When you're investing, especially if you're a day trader, you can measure how well or how poorly you've done based on the gains or losses in your portfolio over the course of a day. But, there are multiple ways to measure a return, and knowing the different formulas can help you keep tabs on how your investments are performing each day.

## Calculating Your Actual Gain or Loss

To figure your actual gain or loss, as measured in dollars and cents, subtract the starting price of the stock from the closing price. Then, multiply the result by the number of shares you owe. For example, say you have 200 shares of RT Corp and the stock starts the day at $27 and ends at $25. Subtract $27 from $25 to get negative $2, meaning you had a $2 loss per share for the day. Then, because you own 200 shares, multiply negative $2 by 200 to get negative $400, meaning your daily return was a $400 loss.

## Calculating Daily Return as a Percentage

Measuring your daily return as a percentage will account for the relative value of different investments. For example, if you lose $1 on a $100 stock, it's not a huge portion of the value. But, if you lose $1 on a $10 stock, that's a much bigger deal. To calculate your daily return as a percentage, perform the same first step: subtract the opening price from the closing price. Then, divide the result by the opening price. Finally, multiply the result by 100 to convert to a percentage.

## Video of the Day

For example, if the stock opened at $27 and closed at $25, subtract $27 from $25 to get negative $2. Then, divide negative $2 by $27 to get 0.074. Finally, multiply 0.074 by 100 to find that your daily return on the investment is negative 7.4 percent.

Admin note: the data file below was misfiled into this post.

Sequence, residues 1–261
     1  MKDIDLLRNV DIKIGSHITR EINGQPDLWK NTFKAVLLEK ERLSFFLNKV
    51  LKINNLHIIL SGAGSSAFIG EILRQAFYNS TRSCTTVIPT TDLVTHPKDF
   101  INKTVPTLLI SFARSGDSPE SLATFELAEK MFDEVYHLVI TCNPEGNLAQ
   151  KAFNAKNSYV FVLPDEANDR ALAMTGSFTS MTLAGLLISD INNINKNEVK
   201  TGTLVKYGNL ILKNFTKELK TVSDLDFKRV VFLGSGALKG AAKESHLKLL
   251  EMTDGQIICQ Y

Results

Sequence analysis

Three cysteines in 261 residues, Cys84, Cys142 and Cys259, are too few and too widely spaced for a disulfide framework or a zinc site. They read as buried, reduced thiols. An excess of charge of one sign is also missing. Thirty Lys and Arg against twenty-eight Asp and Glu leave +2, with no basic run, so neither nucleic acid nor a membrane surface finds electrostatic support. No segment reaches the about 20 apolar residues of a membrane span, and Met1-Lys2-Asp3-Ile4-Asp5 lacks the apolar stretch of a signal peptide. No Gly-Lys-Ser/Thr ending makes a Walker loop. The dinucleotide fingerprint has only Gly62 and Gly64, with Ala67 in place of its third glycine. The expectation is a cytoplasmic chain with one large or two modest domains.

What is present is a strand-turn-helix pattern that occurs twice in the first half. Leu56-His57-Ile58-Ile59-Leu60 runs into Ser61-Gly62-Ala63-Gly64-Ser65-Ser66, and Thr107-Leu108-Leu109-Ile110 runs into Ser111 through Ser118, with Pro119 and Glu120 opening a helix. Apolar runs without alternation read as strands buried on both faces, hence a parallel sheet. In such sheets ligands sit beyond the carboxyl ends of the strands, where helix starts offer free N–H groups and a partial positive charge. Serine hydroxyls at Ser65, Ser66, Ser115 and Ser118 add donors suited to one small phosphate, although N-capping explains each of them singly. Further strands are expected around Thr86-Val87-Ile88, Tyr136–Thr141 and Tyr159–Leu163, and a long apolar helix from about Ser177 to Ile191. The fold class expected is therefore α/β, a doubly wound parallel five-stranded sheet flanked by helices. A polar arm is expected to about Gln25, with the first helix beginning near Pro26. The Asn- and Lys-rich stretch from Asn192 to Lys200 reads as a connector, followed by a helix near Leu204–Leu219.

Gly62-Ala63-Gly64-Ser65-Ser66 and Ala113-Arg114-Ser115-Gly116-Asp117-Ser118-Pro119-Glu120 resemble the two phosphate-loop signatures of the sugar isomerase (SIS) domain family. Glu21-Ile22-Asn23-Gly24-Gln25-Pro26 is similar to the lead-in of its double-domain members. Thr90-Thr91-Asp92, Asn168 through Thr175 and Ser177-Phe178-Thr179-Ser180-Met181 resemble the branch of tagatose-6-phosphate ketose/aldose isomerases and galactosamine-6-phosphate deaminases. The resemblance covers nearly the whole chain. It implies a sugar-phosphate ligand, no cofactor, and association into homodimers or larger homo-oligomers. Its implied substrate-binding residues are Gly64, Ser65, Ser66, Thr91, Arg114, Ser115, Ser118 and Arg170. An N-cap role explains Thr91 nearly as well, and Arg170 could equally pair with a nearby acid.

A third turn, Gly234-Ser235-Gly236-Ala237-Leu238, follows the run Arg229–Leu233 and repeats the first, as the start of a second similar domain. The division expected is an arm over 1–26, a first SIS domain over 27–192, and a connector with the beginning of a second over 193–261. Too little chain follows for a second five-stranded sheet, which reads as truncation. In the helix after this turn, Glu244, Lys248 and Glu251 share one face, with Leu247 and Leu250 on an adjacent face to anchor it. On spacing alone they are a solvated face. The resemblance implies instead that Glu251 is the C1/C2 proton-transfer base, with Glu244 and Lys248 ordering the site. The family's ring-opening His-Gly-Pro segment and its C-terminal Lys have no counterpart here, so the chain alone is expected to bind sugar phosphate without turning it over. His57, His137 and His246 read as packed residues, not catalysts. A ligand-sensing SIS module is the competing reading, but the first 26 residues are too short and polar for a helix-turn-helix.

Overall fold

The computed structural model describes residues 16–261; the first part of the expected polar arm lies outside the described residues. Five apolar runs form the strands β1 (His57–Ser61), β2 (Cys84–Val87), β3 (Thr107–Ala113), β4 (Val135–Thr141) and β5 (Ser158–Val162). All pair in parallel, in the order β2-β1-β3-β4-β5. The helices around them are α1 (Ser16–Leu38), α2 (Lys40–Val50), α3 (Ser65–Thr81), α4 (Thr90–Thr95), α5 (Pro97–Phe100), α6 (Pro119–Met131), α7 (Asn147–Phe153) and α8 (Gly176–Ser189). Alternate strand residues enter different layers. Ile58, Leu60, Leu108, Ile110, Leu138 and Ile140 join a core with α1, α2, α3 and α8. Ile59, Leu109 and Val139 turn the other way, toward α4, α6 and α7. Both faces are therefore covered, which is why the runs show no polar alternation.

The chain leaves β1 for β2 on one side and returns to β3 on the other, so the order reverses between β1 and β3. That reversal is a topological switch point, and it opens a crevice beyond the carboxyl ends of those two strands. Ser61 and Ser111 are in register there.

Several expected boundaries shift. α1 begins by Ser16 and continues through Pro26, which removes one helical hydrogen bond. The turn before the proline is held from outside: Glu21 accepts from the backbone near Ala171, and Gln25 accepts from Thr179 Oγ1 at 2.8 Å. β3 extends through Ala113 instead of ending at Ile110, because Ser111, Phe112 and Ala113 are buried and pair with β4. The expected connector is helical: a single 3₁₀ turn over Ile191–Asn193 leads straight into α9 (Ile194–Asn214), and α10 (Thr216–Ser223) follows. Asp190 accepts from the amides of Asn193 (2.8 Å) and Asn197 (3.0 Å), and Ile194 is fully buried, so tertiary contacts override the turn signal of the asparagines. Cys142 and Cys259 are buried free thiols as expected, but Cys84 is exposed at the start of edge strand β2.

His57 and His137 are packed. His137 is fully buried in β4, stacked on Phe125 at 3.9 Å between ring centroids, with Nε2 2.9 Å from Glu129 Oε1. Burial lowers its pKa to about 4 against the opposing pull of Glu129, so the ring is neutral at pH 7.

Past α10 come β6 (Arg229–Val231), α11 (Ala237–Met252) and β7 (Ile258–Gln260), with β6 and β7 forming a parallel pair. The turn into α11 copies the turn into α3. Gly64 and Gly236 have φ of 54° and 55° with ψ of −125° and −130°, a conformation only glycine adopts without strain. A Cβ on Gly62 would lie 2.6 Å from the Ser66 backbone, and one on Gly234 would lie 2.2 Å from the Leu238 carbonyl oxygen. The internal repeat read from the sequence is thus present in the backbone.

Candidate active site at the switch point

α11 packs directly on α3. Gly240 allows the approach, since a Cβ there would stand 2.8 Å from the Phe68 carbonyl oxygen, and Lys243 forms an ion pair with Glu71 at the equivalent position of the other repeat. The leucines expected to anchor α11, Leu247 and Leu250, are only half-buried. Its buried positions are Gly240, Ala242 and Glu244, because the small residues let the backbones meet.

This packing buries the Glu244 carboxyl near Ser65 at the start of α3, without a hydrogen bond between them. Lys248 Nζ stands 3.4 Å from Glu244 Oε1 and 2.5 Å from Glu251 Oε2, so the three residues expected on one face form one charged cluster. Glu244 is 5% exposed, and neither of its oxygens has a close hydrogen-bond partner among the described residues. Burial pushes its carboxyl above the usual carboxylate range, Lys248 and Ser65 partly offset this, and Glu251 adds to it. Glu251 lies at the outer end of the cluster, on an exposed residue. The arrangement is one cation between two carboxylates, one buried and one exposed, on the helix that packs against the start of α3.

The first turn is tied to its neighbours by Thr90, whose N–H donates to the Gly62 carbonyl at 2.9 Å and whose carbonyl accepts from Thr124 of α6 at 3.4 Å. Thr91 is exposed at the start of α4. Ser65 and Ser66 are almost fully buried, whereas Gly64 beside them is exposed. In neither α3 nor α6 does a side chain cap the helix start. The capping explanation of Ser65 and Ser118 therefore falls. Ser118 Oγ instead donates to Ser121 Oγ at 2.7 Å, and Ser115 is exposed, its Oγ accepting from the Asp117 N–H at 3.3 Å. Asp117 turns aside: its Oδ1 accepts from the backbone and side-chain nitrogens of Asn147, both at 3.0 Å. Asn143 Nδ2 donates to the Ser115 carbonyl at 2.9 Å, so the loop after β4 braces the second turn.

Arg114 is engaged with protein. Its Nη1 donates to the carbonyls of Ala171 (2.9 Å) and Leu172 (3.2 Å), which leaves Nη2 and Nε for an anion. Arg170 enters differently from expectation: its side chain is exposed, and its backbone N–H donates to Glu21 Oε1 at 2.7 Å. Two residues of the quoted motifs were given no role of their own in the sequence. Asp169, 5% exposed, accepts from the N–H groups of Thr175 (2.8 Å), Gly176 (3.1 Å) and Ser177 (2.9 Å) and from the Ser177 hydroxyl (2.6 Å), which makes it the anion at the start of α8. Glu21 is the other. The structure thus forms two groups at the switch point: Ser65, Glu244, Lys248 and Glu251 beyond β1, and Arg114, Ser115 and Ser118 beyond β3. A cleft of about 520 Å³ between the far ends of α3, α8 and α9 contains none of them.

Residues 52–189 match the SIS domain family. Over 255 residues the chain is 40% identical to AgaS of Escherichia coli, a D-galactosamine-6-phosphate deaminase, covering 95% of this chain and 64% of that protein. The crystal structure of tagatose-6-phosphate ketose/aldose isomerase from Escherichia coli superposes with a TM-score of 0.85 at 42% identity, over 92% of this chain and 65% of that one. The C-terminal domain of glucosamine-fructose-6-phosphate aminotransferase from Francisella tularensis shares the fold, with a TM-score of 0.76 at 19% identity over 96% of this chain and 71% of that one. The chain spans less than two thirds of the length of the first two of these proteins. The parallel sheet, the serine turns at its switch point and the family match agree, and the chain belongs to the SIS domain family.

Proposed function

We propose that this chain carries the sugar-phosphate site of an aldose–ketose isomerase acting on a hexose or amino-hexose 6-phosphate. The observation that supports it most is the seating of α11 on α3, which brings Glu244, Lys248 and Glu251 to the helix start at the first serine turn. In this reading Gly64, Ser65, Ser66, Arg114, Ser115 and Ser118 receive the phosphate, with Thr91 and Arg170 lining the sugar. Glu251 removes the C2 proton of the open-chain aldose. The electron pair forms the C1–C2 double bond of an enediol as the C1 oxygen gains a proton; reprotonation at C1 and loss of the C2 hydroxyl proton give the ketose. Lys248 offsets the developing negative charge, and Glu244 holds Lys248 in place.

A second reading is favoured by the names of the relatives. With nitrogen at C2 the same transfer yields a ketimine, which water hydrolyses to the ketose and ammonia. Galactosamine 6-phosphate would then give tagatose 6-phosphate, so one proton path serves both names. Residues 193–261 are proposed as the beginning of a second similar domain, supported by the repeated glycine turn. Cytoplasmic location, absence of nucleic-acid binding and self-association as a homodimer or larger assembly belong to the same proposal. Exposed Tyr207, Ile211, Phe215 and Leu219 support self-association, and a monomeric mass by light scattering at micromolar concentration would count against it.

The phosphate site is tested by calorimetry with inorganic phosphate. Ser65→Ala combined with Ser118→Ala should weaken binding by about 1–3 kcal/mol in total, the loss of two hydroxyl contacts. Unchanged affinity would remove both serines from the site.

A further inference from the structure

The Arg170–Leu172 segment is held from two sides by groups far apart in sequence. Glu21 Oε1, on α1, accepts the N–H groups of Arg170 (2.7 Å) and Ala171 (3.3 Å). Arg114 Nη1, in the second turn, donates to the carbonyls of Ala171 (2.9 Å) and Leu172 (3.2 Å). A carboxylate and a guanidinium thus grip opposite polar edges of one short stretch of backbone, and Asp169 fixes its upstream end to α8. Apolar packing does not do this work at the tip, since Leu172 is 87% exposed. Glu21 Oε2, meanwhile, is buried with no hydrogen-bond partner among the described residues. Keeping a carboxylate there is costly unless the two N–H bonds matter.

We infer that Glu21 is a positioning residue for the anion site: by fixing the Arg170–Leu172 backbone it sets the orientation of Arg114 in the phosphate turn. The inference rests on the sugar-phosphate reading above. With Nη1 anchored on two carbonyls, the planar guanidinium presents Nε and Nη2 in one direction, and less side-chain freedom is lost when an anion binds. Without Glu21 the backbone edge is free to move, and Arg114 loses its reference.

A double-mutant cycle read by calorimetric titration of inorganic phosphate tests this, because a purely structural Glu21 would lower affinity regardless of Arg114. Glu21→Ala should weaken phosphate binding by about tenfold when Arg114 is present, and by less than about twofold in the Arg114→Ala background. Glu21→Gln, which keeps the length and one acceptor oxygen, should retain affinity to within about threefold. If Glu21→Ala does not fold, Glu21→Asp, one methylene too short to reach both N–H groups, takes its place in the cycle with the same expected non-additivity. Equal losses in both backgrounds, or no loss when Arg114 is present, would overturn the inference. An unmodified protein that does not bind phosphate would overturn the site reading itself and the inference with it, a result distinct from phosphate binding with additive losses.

## Dividend Considerations

Usually, the dividend policy of the company won't affect your daily return calculation. Even if a company pays a quarterly dividend, meaning four dividends per year, that's only four days of the entire year that would be affected. However, it's not the date the dividend is paid that affects the daily return. Instead, it's the ex-dividend date, which is the date on which the stock starts trading without the right to receive the next dividend.

For example, a company may announce a dividend with a payment date of June 15 and an ex-dividend date of June 10. If you buy the stock on June 9, you have the right to receive the June 15 dividend. But, if you buy it on June 10 or later, you won't receive the June 15 dividend. As a result, the price of the stock usually falls on the ex-dividend date by an amount equal to the expected dividend return. For example, if a stock were paying a $1 dividend, the stock price would fall about $1 — all else being equal — on the ex-dividend date. So, when you calculate the daily return for that stock, add $1 to your daily return because you'll receive that as a dividend.